Johns was found guilty. The Presentence Report (“PSR”) recommended that the district court increase his offense level by two points for obstruction of justice, pursuant to United States Sentencing Guidelines (“U.S.S.G.” or “the Guidelines”) § 3C1.1. At sentencing, Johns objected to the enhancement, but the district court concluded that Johns's false testimony justified application of the two-level enhancement. Applying the two-level increase, the court sentenced Johns to 210 months' imprisonment, a five-year term of supervised release, and a special assessment of $100. In the written order of judgment and commitment, the court specified that it adopted the factual findings and the Guidelines application recommended by the PSR (with one exception not relevant to this appeal).
Johns presents two main issues on appeal: whether the evidence at trial was sufficient to support his conviction for possession of cocaine base with intent to sell; and whether the district court erred in imposing the two-level enhancement for obstruction of justice. In a supplemental pro se brief, Johns also asserts that the court committed error in instructing the jury on the government's burden of proof; that the court exhibited bias in criticizing Johns for not pleading guilty; and that the prosecutor made improper remarks during her closing argument.
Sufficiency of the evidence
Johns argues that the evidence was insufficient to sustain his conviction because it was largely based on the uncorroborated testimony of Chan, which was unreliable because Chan testified pursuant to a cooperation agreement. In reviewing the sufficiency of the evidence supporting a conviction, we view the evidence presented in the light most favorable to the government and draw all reasonable inferences in the government's favor. See United States v. Autuori, 212 F.3d 105, 114 (2d Cir.2000). A conviction will be affirmed if a “rational trier of fact could have found the essential elements of the crime beyond a reasonable doubt.” Jackson v. Virginia, 443 U.S. 307, 319, 99 S.Ct. 2781, 61 L.Ed.2d 560 (1979).
In addition to Chan's testimony identifying Johns and describing their transactions, the evidence included recordings of two of their incriminating conversations and testimony of federal agents that they recognized Johns's voice on the recordings and recognized him as the person who had been in the Maxima where the drugs were found. Additionally, documents bearing Johns's name were found in the Maxima, Johns had admitted to being a delivery man for the drugs after being arrested, and a cellular phone with the number that Chan had called to discuss the drug transaction was found near Johns's person at the time of his arrest. This evidence was easily sufficient to support his conviction.
Obstruction of justice
Johns argues that the district court erred in imposing a two-level increase for obstruction of justice pursuant to U.S.S.G. § 3C1.1 based on his perjured testimony.1 Johns argues that the district court's notation in the judgment and commitment order to the effect that it adopted the findings of the PSR, recommending an obstruction of justice enhancement, did not constitute findings necessary to establish obstruction of justice as required by United States v. Dunnigan, 507 U.S. 87, 113 S.Ct. 1111, 122 L.Ed.2d 445 (1993).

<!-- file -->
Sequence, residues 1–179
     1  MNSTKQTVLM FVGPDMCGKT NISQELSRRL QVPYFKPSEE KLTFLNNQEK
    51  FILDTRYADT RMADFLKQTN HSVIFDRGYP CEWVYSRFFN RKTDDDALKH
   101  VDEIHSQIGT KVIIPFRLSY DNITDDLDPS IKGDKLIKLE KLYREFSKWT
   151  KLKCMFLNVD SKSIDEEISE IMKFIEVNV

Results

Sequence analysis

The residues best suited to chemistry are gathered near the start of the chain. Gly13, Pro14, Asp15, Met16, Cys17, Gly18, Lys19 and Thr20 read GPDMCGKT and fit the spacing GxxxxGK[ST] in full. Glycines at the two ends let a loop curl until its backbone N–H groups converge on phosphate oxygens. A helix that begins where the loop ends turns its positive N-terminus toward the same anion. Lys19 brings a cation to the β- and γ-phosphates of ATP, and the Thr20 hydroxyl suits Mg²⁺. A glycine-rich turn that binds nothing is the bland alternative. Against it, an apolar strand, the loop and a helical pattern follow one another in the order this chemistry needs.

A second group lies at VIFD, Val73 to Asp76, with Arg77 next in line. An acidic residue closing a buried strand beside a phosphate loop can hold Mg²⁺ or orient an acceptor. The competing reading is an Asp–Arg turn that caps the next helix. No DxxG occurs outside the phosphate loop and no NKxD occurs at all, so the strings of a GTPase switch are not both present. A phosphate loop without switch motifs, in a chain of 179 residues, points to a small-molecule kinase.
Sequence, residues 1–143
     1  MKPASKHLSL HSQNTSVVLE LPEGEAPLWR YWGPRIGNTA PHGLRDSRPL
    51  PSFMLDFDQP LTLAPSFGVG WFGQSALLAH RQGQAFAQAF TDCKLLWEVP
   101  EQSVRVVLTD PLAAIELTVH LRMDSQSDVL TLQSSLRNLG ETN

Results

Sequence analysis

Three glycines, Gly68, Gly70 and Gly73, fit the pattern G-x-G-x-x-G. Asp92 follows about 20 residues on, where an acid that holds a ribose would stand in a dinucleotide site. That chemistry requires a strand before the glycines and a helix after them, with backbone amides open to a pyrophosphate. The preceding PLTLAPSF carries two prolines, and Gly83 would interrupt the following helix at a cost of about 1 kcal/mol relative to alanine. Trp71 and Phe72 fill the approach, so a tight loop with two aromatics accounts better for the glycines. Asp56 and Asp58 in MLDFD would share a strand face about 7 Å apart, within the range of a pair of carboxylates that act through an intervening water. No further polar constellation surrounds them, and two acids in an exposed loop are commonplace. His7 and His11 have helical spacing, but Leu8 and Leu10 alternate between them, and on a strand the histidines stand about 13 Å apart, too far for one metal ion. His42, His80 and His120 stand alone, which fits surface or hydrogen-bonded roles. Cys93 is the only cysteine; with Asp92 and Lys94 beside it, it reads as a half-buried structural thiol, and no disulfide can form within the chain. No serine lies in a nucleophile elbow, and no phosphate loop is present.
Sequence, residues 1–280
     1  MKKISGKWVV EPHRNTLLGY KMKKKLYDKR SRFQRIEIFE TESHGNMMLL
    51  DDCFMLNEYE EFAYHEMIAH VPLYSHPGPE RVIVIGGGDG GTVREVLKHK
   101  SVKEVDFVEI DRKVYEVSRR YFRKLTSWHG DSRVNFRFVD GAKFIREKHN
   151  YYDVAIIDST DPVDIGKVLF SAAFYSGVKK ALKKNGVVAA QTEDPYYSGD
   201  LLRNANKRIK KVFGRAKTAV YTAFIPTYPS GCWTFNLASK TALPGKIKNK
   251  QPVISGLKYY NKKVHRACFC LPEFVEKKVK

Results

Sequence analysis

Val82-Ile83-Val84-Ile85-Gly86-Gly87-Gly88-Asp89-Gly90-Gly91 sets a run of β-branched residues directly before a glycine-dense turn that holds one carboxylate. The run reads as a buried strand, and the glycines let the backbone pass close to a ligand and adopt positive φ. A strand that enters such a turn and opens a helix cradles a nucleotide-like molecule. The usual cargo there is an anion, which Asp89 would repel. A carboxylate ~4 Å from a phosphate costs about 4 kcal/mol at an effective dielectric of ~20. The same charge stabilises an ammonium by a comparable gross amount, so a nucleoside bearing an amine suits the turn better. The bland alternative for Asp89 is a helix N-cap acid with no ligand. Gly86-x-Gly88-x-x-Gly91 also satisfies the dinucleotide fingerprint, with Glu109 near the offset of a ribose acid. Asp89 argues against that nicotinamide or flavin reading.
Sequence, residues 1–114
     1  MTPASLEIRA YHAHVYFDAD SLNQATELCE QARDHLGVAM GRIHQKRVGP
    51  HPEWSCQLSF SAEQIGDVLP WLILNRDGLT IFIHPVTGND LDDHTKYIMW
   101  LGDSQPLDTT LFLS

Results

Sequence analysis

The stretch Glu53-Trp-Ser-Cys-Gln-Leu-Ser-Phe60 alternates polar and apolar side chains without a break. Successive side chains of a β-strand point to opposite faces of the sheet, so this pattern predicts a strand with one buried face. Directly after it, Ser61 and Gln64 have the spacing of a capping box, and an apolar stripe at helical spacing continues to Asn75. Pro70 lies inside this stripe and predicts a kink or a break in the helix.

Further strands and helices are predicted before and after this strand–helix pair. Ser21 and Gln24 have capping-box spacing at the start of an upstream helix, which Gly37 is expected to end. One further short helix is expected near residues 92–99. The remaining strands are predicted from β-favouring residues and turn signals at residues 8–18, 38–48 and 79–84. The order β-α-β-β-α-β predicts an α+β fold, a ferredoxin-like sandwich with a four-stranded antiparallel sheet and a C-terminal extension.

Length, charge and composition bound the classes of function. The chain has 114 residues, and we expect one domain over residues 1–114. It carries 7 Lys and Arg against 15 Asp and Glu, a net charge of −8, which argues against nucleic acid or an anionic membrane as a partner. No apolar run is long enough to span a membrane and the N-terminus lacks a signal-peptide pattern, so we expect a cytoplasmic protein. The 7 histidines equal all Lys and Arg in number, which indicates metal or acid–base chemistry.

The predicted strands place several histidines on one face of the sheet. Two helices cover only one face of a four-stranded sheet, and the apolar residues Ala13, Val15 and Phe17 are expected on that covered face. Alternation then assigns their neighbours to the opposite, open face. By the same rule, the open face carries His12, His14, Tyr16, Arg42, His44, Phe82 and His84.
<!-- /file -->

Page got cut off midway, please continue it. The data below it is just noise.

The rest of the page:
The Supreme Court stated in Dunnigan that, before imposing an enhancement under U.S.S.G. § 3C1.1 based on the defendant's perjury at trial, “a district court must review the evidence and make independent findings necessary to establish a willful impediment to, or obstruction of, justice.” Dunnigan, 507 U.S. at 95, 113 S.Ct. 1111. While “it is preferable for a district court to address each element of the alleged perjury in a separate and clear finding,” it is sufficient if the court makes findings that “encompass [ ] all of the factual predicates for a finding of perjury.” Id; see also United States v. Shonubi, 998 F.2d 84, 88 (2d Cir.1993) (“[A] general finding of obstruction that tracks those factual predicates necessary to support a finding of perjury will suffice.”). In United States v. Ben-Shimon, 249 F.3d 98 (2d Cir.2001) (per curiam ), we noted the open question in our Circuit “whether a district court's adoption of the findings of a PSR is sufficient to discharge its duties under Dunnigan.” Id. at 103; see also United States v. Williams, 79 F.3d 334, 337 (2d Cir.1996). In both Ben-Shimon and Williams, we held that where a defendant's PSR provided mere conclusory assertions of obstruction of justice, adoption by the court of the PSR's findings did not satisfy the Dunnigan requirement. Ben-Shimon, 249 F.3d at 103-04; Williams, 79 F.3d at 337; see also United States v. Bradbury, 189 F.3d 200, 205 (2d Cir.1999) (remanding regardless whether district court adopted PSR because “the ․ PSR's conclusions were not sufficient to support an obstruction enhancement”).